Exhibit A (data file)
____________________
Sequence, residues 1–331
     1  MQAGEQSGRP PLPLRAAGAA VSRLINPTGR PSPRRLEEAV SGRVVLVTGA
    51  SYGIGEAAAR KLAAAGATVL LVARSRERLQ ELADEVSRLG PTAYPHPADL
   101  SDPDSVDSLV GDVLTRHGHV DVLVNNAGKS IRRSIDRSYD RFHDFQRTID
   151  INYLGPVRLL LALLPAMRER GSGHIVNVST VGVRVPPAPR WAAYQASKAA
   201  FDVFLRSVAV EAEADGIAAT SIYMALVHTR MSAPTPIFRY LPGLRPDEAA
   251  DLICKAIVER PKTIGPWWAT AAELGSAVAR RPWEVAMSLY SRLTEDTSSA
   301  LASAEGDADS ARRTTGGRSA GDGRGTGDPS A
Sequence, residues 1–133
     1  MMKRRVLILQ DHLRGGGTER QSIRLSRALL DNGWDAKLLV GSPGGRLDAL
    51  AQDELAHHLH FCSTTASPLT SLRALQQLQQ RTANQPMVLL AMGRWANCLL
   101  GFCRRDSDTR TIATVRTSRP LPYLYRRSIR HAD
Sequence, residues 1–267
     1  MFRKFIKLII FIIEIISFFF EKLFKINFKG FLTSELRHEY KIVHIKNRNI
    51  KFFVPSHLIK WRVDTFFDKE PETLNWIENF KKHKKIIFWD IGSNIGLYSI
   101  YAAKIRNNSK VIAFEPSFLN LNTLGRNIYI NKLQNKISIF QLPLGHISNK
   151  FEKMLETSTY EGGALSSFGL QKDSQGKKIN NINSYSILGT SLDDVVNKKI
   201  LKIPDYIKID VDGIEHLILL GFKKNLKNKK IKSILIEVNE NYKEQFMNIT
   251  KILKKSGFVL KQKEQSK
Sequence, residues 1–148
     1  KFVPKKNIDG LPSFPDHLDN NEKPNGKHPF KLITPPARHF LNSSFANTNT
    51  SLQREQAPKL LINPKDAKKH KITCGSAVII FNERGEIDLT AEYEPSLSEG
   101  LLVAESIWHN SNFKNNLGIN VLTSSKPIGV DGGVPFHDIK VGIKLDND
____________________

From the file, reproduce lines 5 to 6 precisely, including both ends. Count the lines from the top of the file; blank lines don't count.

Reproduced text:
   151  INYLGPVRLL LALLPAMRER GSGHIVNVST VGVRVPPAPR WAAYQASKAA
   201  FDVFLRSVAV EAEADGIAAT SIYMALVHTR MSAPTPIFRY LPGLRPDEAA